What apps do famous viners use
'Vine-famous,' this 15-year-old has 1.4 million followers online
Nash Grier needed just 12 minutes to win the loyalty of 1.4 million people.
A 15-year-old Davidson Day sophomore, he has rocketed to online fame with the Twitter-powered app called Vine, in which users post six-second, looping videos.
That means each step along the way – he has posted 124 Vines since April – took about as long as it takes to read this sentence.
Nash is the 26th most-followed person in the world on Vine, according to rankzoo. He recently passed Ellen DeGeneres (1.2 million followers), and he’s 35 spots ahead of Miley Cyrus, 60 in front of Justin Bieber.
He gains about 100,000 followers a week, so by the time you read this, he might have reached 1.5 million. He has followers from Australia to Saudi Arabia and international businesses are courting him for branding possibilities.
How do you get the attention of a million people with six seconds? Top Viners do comedy, from one-liners to outlandish personas. Nash does a little of all of it.
His Vines are a mix of adolescent humor and angst, song parodies and slapstick. He describes them as “upbeat stuff that’s kinda wild and makes people laugh.
“Originality is the biggest thing.”
He says he has a hard time fathoming one million people watching his videos.
“It just stuns me every time I try to think about it.”
What does he do with six seconds?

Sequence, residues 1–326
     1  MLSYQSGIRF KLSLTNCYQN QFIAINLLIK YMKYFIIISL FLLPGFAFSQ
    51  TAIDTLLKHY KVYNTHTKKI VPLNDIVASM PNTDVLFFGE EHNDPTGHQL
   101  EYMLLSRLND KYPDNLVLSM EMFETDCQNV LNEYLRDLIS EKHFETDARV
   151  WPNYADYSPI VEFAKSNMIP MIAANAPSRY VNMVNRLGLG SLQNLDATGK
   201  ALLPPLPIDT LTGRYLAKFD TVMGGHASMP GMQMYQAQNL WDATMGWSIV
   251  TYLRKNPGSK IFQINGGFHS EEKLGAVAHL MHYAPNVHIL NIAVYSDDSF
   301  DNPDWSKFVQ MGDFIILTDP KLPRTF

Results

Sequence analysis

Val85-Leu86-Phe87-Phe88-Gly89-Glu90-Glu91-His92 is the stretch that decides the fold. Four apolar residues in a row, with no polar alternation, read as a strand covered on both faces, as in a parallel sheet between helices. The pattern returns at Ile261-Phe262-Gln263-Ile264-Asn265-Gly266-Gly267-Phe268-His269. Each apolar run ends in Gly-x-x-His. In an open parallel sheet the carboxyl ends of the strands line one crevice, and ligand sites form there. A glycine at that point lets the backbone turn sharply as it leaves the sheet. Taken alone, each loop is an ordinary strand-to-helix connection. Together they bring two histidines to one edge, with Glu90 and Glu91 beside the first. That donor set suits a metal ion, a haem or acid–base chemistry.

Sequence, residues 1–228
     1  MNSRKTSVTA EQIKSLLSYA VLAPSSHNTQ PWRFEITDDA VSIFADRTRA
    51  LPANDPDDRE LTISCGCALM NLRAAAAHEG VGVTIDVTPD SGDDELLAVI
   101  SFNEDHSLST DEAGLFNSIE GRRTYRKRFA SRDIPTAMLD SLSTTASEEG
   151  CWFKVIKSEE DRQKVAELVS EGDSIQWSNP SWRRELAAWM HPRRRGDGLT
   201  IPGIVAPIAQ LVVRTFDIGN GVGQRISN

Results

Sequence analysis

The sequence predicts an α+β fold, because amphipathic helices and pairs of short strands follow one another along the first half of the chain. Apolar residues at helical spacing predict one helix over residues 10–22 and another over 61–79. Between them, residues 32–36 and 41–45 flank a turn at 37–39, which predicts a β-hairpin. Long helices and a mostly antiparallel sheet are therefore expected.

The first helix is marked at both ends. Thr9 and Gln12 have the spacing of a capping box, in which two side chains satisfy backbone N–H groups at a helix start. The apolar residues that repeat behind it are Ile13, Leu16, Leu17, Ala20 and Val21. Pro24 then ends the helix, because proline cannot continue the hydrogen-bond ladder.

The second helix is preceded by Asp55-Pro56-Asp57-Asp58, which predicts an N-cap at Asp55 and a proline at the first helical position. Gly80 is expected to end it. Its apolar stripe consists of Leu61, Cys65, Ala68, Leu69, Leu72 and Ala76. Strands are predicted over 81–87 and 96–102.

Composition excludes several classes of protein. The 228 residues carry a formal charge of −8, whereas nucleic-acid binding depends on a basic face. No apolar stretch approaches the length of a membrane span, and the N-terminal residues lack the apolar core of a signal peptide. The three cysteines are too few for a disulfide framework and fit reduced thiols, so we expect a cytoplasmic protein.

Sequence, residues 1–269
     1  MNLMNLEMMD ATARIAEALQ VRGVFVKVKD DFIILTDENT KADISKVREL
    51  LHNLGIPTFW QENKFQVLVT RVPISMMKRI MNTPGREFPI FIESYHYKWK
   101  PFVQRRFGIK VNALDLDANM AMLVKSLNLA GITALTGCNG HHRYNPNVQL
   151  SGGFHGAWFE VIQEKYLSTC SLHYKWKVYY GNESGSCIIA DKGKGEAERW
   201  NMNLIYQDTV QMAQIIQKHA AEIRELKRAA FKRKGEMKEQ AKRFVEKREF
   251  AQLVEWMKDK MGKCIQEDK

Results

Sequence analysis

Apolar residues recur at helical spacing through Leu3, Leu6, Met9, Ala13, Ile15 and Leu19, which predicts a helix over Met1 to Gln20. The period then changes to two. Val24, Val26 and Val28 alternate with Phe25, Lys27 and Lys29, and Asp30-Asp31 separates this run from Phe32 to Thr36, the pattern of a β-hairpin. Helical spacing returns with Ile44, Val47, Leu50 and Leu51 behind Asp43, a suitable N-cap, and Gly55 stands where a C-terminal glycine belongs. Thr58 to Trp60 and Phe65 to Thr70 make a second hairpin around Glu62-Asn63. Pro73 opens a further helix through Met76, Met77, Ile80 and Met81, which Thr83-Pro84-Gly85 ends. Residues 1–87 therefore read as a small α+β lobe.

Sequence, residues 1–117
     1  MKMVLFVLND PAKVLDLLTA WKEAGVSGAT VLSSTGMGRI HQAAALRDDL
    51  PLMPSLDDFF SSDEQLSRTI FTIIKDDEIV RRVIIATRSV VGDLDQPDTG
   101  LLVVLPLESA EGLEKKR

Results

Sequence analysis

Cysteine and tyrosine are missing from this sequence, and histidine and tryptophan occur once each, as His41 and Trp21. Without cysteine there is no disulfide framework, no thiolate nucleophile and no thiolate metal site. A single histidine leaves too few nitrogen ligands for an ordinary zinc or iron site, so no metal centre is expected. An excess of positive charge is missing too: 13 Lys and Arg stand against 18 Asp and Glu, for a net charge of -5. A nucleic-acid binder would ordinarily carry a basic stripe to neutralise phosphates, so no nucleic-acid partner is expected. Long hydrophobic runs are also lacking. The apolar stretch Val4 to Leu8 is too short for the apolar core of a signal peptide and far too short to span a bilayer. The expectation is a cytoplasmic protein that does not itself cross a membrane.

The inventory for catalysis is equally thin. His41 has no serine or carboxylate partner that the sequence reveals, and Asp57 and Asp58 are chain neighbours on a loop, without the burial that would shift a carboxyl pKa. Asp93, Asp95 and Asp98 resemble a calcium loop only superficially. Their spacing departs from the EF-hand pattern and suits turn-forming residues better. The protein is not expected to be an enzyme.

He keeps a long list of ideas – they come “usually on the fly” – on his iPhone. Production is another matter.
Some take mere minutes: Last week, he and 4-year-old sister Skylynn sang six seconds of the Black Eyed Peas’ “Boom Boom Pow” and got some 375,000 likes and 300,000 “re-Vines” (others posting the video on their own feeds). Nash said the video took 2 or 3 minutes to produce.
Others take hours. In one, he yells “shotgun” for a car ride, then dashes, swims and skateboards to claim the front seat. That took two hours, since he did the stunts three times before getting it all right.
Christianity figures among his topics, as do kittens. Among his most popular is a video of him asking Skylynn what’s wrong with America. In a thick Southern twang, she answers: “They. Need. Jesus.” Nash gives an “Amen!” Another opens with a clip from Katy Perry’s “Roar,” then shows Nash clutching a mewing kitten.
Taste varies, too. He uses plenty of bathroom humor. He’s done some ethnic caricatures, including one he felt the need to hashtag with #notaracist and #iloveallpeople.
Not all his videos are G-rated, said his dad, Chad Grier, who’s also football coach at Davidson Day, but he doesn’t think his son has crossed a line. “Some are PG-13, but never R.”